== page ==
Blog Post

The Saltville Massacre

The first Battle of Saltville took place on October 2, 1864. Saltville was a crucial resource for the Confederacy, supplying nearly 80% of their salt. In order to take control of Saltville, the Union needed to control the saltworks in the area. After hours of trying to advance, the Union soldiers retreated, leaving many African American soldiers wounded and defenseless.

After the first Battle of Saltville, US Army Union soldiers were left behind due to their injuries. Many of the wounded soldiers were men from the Black troop of the 5th US Colored Calvary. These men were murdered in the night by Confederate soldiers. The following morning, October 3, 1864, Confederate soldiers searched the area for more defenseless soldiers. Confederate Captain Edward O. Guerrant wrote ” The continued ring of the rifle sung the death knell of many a poor negro who was unfortunate enough not to be killed yesterday” and others stated that the troops who were mad and excited killed any African American they could find.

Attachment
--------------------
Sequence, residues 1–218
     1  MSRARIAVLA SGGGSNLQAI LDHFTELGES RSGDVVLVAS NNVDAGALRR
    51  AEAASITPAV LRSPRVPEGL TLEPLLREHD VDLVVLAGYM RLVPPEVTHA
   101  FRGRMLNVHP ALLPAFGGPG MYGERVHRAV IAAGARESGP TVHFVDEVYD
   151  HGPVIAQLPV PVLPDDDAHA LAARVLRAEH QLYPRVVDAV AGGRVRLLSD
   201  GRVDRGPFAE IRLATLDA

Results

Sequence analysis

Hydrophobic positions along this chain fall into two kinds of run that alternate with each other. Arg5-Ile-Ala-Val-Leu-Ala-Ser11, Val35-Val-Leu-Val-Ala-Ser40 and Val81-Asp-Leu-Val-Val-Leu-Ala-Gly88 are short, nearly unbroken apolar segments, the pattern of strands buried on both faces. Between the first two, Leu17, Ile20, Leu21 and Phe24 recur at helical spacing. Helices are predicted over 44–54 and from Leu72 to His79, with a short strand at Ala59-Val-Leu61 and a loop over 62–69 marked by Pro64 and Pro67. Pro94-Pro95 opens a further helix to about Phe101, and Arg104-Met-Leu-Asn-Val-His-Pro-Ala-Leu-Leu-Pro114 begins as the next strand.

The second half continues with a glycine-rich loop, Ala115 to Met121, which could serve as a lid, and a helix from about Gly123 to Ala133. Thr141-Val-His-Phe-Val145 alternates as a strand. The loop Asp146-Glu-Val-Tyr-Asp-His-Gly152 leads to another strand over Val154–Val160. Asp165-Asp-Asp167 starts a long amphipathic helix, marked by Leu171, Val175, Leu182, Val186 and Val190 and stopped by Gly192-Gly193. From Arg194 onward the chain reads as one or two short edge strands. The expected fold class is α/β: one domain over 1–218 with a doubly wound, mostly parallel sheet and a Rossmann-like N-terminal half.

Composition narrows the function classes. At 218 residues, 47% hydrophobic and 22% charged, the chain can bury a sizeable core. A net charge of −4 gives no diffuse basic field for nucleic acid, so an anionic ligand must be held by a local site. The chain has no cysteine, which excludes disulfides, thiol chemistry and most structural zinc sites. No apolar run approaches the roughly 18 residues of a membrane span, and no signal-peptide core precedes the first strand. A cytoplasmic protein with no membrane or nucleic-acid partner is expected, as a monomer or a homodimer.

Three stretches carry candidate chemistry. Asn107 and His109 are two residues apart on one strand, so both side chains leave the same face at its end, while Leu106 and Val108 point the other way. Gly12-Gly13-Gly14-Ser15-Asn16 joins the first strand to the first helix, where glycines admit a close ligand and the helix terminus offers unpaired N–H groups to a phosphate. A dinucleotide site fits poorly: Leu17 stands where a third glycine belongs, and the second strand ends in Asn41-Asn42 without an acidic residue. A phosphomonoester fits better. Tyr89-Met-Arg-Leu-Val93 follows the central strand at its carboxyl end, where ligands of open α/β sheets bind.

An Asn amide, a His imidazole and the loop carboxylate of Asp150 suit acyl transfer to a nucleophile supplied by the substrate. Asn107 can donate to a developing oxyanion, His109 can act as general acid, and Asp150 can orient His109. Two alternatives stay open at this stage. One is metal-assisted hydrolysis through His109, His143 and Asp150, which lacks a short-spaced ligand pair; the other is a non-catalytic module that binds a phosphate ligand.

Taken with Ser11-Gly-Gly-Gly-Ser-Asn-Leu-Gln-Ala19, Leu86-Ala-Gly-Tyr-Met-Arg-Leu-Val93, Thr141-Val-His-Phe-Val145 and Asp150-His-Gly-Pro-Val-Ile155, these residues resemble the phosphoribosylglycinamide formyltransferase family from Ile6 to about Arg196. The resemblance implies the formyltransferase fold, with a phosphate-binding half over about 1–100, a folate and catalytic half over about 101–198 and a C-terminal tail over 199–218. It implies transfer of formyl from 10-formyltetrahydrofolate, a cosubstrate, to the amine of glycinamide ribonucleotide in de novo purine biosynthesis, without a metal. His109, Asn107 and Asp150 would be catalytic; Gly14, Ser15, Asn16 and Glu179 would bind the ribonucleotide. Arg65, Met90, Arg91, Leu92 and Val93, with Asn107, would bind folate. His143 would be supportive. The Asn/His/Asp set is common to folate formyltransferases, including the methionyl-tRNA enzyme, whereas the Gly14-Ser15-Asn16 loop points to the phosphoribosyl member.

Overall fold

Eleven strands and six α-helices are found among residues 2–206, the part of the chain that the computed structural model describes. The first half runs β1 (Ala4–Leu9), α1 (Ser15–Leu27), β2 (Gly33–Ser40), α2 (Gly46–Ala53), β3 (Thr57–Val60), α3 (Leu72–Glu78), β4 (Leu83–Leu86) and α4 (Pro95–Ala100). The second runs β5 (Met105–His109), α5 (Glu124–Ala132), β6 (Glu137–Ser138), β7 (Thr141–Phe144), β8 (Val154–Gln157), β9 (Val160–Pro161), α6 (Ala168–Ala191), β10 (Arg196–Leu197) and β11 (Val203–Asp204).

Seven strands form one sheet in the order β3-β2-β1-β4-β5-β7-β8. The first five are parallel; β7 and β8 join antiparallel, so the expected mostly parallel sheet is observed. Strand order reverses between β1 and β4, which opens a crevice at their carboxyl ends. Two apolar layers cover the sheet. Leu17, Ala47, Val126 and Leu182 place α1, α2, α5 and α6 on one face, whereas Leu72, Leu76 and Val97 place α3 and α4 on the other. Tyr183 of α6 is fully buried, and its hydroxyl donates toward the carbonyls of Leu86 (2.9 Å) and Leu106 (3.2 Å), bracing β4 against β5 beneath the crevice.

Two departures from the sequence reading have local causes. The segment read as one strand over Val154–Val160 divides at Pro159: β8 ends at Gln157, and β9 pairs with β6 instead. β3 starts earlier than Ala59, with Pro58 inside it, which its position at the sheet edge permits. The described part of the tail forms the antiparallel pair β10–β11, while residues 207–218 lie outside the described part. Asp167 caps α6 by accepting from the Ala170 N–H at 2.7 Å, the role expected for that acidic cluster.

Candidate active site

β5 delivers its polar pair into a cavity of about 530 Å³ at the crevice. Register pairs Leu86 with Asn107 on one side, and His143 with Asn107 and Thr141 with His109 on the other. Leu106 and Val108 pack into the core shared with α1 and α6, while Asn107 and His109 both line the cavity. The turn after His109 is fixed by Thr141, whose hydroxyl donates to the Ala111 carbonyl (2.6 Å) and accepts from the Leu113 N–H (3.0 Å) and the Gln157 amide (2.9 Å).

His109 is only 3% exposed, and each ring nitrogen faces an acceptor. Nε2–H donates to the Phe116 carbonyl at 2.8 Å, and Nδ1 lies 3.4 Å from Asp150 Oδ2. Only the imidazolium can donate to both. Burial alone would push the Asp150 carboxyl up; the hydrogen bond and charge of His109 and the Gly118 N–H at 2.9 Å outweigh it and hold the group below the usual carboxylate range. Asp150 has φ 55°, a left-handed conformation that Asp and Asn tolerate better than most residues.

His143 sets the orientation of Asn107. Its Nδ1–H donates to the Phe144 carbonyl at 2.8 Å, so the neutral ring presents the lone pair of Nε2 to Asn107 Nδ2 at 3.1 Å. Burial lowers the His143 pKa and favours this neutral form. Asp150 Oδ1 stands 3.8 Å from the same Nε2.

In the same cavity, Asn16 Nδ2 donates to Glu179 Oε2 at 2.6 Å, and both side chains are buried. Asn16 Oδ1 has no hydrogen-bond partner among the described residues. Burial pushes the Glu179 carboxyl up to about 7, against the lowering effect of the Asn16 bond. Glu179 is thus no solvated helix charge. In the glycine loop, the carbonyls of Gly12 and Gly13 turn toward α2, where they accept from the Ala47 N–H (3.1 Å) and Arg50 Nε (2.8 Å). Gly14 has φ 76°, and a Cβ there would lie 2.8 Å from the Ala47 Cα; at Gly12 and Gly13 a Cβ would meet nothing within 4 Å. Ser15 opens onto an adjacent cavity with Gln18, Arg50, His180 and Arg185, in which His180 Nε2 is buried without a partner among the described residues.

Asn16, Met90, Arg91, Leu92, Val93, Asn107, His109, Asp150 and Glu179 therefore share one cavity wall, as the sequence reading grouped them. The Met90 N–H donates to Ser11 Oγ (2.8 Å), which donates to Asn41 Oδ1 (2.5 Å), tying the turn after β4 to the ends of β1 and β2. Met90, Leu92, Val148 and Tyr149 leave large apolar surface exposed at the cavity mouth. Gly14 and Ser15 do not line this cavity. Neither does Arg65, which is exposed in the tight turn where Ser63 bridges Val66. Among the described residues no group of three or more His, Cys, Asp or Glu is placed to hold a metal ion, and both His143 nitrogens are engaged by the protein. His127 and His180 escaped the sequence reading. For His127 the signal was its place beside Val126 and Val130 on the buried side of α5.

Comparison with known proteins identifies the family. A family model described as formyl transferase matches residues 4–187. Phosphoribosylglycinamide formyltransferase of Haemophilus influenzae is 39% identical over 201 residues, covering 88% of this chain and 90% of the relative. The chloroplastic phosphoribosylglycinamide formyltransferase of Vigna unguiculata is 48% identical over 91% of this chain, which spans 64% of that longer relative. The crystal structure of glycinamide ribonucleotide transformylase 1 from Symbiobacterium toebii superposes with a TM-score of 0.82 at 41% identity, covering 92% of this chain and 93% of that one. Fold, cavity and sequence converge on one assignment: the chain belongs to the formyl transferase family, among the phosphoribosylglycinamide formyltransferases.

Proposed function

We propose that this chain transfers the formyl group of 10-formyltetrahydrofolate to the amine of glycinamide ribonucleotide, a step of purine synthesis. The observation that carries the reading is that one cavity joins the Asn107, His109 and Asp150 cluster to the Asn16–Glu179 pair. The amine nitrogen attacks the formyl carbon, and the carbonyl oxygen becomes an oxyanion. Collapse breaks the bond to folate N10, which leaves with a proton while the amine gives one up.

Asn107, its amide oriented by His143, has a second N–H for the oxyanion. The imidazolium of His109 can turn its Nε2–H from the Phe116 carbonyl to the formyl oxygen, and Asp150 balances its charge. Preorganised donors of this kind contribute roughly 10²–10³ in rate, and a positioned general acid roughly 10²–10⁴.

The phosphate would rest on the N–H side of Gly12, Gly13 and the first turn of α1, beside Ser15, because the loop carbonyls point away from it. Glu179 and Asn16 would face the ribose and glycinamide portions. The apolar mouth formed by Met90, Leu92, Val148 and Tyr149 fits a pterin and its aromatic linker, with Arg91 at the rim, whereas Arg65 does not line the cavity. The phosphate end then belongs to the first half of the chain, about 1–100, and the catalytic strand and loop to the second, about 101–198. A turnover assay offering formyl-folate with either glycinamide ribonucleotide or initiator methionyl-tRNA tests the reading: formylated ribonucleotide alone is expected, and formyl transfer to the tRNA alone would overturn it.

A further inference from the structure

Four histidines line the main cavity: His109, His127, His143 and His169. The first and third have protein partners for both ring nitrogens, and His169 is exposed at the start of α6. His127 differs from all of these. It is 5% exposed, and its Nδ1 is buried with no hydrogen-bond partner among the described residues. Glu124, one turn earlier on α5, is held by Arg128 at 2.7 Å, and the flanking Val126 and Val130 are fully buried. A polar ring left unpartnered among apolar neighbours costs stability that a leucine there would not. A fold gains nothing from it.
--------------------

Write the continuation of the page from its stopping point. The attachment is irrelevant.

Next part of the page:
The Massacre not only impacted the soldiers in Saltville, but also those who were receiving treatment in nearby hospitals. Confederate solders entered a hospital at Emory and Henry College, taking five men, privates, and wounded African Americans, then shot them on October 7, 1864.

It is estimated that roughly 45 to 50 African American soldiers were murdered in Saltville. Many of the Confederate soldiers who were responsible for the Massacre were arrested at the end of the war and found guilty for their crimes.

To learn more about the Saltville Massacre, visit the Museum of the Middle Appalachians, located in Saltville, Virginia. Click here to view the Saltworks video featured in the Museum’s Salt Theatre discussing the importance of the salt mines and the Battle of Saltville.